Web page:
I’ve resolved to blog every morning this summer. If you look around this site a bit you’ll see I have plenty to say. In fact it hurts to hold it in. So it’s a kind of relief to get some thoughts down each day.
I enjoy the interaction as well. Getting thoughts down is one thing. Getting them out is another. Blogging is most rewarding when people send messages and post comments. Thank you.
My dearest hope is that some of my posts help people. Yesterday I posted about my own experience with depression and the miracle that resulted from it. Naturally I have no reason to expose that part of my life except in the hope that others find encouragement from it. Fortunately, a couple of people have written back and let me know that that post touched them.
But overall, I’ve got to tell you that the processing of blogging—and Christian writing in general—is quite discouraging. Let me show you why.
Since I started posting two weeks ago, I’ve written about parenting, time management, why strange beliefs infect society, and skewed views of God’s perfection. I posted a new song that I had written and recorded, an offensive portrayal of the mind of a church “seeker,” and the aforementioned post on depression and miracles.
But do you know which post has had more visitors than any other—has, in fact, had more than ten times more than the others? It was a post showing a shadowing demo programmed in Adobe Flash.
The shadowing demo has attracted 750 visitors. The second most popular post (it’s on parenting) has had about 50. Don’t get me wrong—I’m thrilled that 50 people read my article on parenting. Fifty people is a lot of ears, and I’m thankful that that many people trust me with them. But if 50 people are interested in a post on a relatively important topic like parenting, how is that 750 people are interested in a trivial topic like shadows in Flash?
This isn’t the first time I’ve experience this phenomenon. In the last few years I’ve posted lots of articles on all sorts of topics. I’ve had two posts go really big—each got more than 20,000 visits in a single day. The first was on Paul’s use of skubala in Phil 3:8. The second was a little story set in the world of Fallout 3. Thankfully, both of those posts met both of my blogging goals: they were read by a wide group of people and also gave their readers something to think about. But again, interestingly, both posts had an element of the “trivial” about them. The first purported to be about the appearance of the word “shit” in the Bible. The second was a story about a game. Both had theological elements, but in each case the theology was at least initially disguised.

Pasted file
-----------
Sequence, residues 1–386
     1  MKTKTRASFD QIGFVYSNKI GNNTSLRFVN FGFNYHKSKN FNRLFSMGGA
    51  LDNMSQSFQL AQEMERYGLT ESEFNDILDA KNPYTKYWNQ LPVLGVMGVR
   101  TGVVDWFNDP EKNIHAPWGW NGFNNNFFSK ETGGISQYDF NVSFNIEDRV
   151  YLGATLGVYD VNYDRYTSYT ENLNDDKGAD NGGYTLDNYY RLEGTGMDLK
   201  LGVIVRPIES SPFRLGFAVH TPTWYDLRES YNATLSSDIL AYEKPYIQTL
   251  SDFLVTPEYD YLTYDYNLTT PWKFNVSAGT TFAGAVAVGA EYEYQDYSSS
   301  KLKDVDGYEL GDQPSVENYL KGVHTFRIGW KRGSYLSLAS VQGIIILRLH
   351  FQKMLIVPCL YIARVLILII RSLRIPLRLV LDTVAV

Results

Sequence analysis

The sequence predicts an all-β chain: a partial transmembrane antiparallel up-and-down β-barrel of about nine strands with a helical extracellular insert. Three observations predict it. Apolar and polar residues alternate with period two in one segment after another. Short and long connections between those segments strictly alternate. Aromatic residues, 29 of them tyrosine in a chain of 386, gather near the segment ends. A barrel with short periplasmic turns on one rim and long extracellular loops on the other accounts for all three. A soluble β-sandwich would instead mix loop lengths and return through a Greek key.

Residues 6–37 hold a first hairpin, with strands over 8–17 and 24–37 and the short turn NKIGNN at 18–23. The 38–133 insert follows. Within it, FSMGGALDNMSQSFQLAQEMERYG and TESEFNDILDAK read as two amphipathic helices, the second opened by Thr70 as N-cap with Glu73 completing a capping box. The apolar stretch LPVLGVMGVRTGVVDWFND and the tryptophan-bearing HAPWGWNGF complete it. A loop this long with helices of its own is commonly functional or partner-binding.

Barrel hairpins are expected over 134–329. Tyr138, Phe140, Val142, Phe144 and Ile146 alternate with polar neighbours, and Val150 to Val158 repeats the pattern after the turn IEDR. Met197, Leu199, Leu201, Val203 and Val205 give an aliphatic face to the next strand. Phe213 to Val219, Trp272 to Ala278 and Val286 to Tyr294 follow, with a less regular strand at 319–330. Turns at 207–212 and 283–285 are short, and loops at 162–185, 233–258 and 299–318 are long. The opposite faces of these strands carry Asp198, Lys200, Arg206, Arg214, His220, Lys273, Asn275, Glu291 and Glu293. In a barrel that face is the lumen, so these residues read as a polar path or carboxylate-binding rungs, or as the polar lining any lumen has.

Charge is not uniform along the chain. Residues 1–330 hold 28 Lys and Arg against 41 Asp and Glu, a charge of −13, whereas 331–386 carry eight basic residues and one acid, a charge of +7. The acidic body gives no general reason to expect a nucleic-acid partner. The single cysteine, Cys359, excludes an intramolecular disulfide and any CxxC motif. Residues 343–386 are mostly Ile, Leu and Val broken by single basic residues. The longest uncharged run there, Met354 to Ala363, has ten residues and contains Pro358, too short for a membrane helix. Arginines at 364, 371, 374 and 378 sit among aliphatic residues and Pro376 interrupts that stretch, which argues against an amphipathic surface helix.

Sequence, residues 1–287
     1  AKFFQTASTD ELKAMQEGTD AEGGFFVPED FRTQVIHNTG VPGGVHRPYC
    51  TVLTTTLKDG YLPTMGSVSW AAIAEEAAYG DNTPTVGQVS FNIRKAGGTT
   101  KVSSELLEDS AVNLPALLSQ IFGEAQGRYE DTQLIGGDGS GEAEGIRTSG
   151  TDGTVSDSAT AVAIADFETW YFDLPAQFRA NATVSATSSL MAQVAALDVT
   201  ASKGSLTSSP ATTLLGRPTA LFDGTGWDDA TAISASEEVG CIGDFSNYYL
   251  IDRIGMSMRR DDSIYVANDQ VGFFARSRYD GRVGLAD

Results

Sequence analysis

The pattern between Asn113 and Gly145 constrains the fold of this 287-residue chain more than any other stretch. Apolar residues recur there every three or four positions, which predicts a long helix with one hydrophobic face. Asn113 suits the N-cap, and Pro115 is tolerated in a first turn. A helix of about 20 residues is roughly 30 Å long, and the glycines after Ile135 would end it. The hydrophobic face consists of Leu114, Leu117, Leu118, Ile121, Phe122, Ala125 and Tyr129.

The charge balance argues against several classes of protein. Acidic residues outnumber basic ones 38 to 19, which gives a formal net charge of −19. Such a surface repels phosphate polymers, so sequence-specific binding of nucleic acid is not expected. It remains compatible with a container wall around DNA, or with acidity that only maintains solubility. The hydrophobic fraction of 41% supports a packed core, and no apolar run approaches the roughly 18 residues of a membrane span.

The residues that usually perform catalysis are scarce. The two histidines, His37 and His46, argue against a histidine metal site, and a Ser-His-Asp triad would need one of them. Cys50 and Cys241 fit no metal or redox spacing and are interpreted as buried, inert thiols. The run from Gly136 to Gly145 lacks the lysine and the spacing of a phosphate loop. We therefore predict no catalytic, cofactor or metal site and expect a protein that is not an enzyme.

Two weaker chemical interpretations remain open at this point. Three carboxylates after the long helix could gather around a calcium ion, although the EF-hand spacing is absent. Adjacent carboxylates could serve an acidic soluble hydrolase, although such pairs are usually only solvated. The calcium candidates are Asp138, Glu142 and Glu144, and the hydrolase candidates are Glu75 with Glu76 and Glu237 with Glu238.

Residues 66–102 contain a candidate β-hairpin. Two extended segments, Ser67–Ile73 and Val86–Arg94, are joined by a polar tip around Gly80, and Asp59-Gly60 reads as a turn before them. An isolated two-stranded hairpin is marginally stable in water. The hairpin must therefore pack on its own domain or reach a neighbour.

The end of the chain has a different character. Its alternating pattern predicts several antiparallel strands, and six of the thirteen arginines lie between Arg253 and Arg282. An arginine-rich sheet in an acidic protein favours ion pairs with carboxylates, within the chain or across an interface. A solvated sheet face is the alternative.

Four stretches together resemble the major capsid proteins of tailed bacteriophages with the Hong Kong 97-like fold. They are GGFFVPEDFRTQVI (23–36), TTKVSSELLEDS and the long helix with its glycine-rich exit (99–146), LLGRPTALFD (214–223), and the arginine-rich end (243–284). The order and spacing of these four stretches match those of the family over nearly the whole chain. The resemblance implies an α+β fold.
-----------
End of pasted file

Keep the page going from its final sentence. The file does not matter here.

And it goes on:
So here we see a couple of pretty obvious lessons for bloggers like me. One: people would rather read about scatology and ludology than theology. That’s no surprise. Two: if you want to get people thinking, try dressing up the heavy stuff in titillating clothes. “Just a spoonful of sugar helps the medicine go down…”
Here’s another odd statistic from my blogging experience. On Tuesday I posted a piece written by a kind of sociopath who was exploiting the church. After publishing the post to my website I advertised it in two places: reddit and Facebook. About 15 people came over from reddit but none of them spent much time on the page. (Reddit is populated mainly by atheists, and as soon as they saw “church” they went running.) When I posted the piece on Facebook I gave it a title, something like, “Don’t read this or it’ll make you mad.” (As my friend Nathan pointed out, a wicked bit of reverse psychology—though I actually the warning was quite serious.) About 15 of my Facebook friends also came over. Nobody left any comments on my site. That in itself is unusual and rather suspicious.
Anyway, the next day I posted my testimony of how God healed my depression. Now here’s the interesting bit. A dozen people (atheists?) came over from reddit and spent an average of 12 minutes reading the piece. But only 9 of my Facebook friends read it, and they spent an average of 3 minutes.
So my “don’t read this or it’ll make you mad” post gained nearly twice as many Facebook readers as my post on depression. Very interesting.
Now it may be that the “it’ll make you mad” post really did make people mad and they weren’t willing to visit the next day. Or it may be that people are just more attracted to stories that threaten to make them mad than stories about real struggles and real miracles.
I have no “lessons learned” for this datum. I really don’t know what to make of it.
But it leads me back to an earlier question. Why did my post on shadows in Flash do vastly better than my other recent posts? The real answer is reddit.
Basically, all of my large traffic comes from reddit, Digg, StumbleUpon, or other recommendation sites. About a dozen of my Facebook friends read the shadows in Flash post—more or less the same as for any other post. But 630 visitors came from reddit.
Why did 630 redditors read that post but not the others? Well it’s quite obvious. Redditors are atheists and techies and care more about shadowing algorithms than about God. Their visiting pattern is just what we would expect.
Here’s my problem. My goal is not just to write about technology, atheism, games, and programming. I want to write pieces that get people to think about and pursue Jesus Christ. Therefore I have two options.
The first I’ve already described: Put a spoonful of sugar into my theological posts. I will keep doing this from time to time, as inspiration strikes. But there are downsides to this option. It’s hard work. And it does make for more trivial posts—I can’t go as deep as I like.
The second option is to find some sort of “reddit for Christians.” I’m not aware of anything like this—not that has any mass, anyway. I can tell my Facebook friends about these posts, but that’s not quite the same thing. Do you know of a site that Christians visit to get recommendations on good reading? If so, please let me know.